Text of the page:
Worst Websites of 2010: The Contenders
It's hard for me to believe, but it looks as if bad web design wasn't as bad in 2010 as it has been during the last 14 years. Plenty of bad websites still exist and since I have the cleverest readers out there, I have an almost never-ending supply of suggestions.
To paraphrase the great American philosopher Jerry Lee Lewis, there's still "A whole lotta sucking going on." I think Jerry Lee said that. I could be wrong.
In keeping with our theme of "On our 15th year of sucking" (it's now up to 19 years), I've chosen the 15 worst contenders for 2010. These sites were featured as The Daily Sucker during January through early September 2010.
Obviously, the sites that follow aren't examples of great web design.
1. Yale School of Art
This may be the best example of head-up-your-ass web design I've ever seen. WTF?
3. Basil Marceaux Sr.
4. Shop in Paradise
5. George's Township Civil Defense EMS & Fayette_County_Ambulance_Service Fayette-EMS 306
Submitter's comments: This is the website for a town's ambulance service—the people who are supposed to save your ass if you have a medical emergency—in Uniontown, Pennsylvania. Not only is the design bad, but the content would make me move out of the area in fear of my life.
“Shortage of body bags?” WTF?
Vincent Flanders' comments: We all make grammar mistakes, but this is a little much:
Both Apparatus and patient care equipments is need. shortage on body bags also
We also have what appears to be loon ravings at the top of the page. WTF?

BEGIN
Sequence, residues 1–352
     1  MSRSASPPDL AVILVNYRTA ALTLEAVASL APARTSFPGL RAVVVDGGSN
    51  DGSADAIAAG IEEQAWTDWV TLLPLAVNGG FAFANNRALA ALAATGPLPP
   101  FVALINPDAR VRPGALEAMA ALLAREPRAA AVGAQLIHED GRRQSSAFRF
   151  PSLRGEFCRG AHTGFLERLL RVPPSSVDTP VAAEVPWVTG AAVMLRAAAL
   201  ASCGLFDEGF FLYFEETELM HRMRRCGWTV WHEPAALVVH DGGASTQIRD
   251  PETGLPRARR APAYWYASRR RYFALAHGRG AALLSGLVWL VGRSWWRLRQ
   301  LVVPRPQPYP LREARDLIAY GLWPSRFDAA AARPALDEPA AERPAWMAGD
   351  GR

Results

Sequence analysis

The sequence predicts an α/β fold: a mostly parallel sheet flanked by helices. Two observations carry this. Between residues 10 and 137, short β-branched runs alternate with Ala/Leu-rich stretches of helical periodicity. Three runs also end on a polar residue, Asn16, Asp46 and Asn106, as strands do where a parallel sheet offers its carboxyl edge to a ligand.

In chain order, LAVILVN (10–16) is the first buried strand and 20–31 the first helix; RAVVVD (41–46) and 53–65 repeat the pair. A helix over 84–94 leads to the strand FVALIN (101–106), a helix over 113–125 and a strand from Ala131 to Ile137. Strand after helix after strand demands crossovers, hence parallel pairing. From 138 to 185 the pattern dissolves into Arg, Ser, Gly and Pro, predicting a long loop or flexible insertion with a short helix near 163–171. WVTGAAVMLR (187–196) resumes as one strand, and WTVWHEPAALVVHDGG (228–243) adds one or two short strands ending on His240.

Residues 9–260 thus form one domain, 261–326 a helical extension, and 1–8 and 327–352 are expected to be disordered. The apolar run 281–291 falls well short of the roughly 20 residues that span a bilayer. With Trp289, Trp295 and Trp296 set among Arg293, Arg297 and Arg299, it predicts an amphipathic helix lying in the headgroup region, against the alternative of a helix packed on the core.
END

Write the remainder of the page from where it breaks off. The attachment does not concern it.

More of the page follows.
Other comments #1: The page is roughly 17,622 pixels wide in Internet Explorer. I will not say "It can't get any worse than this," because it always does. The chicken scratch was red in my window.
Other comments #2: Yeah, that top part definitely had me thinking "hacked." But that can't explain all of it… I just found myself staring numbly, wondering "Did whoever created this even LOOK at the result?"
I'm so very, very tired of beautiful websites where I can't read the text.
Where's the Contrast? All clueless web designers should read Wikipedia's definition of contrast. (Another site gives a great visual demonstration of contrast.)
There's no excuse for this mess. If you won't take my word about the need for contrast, take Alistapart's. Between the two of us, you've got the alpha and omega of web design telling you to wo/man up and make your site readable. Oh, here's another well-respected site whose article, Fully Understanding Contrast in Design, is something you ReadTarded web designers should study.
Since I can't read the text and since I refuse to stick my face two inches from the monitor, I'm not sure what the site is about. This site reminds me of the lyrics to a song by the Bottle Rockets (one of my favorite bands):
I wonder if she's real.
I really couldn't say.
But I don't want to know
'cause she's so perfect far away.
8. Thinking for a Living
Submitter's comments: Now this is nice! It has a beautiful horizontal navigation, which you can control by keyboard, too. It breaks my favorite hotkeys (Alt-left and Alt-right) to navigate backward and forward in my browser.
Just tried to click some post called “Rethink. Redefine. Redesign.” When you're at the utmost left or right position, which you cannot tell as there's no horizontal scrollbar visible, you automatically jump to the next/previous article. And, as you can see at the upper right corner, you can also press the letter ‘s.' No idea where that takes me, but at least it does something. You can even point with your mouse at the letter ‘s' and my browser says that I can click it. I do not dare, as no URL shows up on my status bar, so I don't know what happens.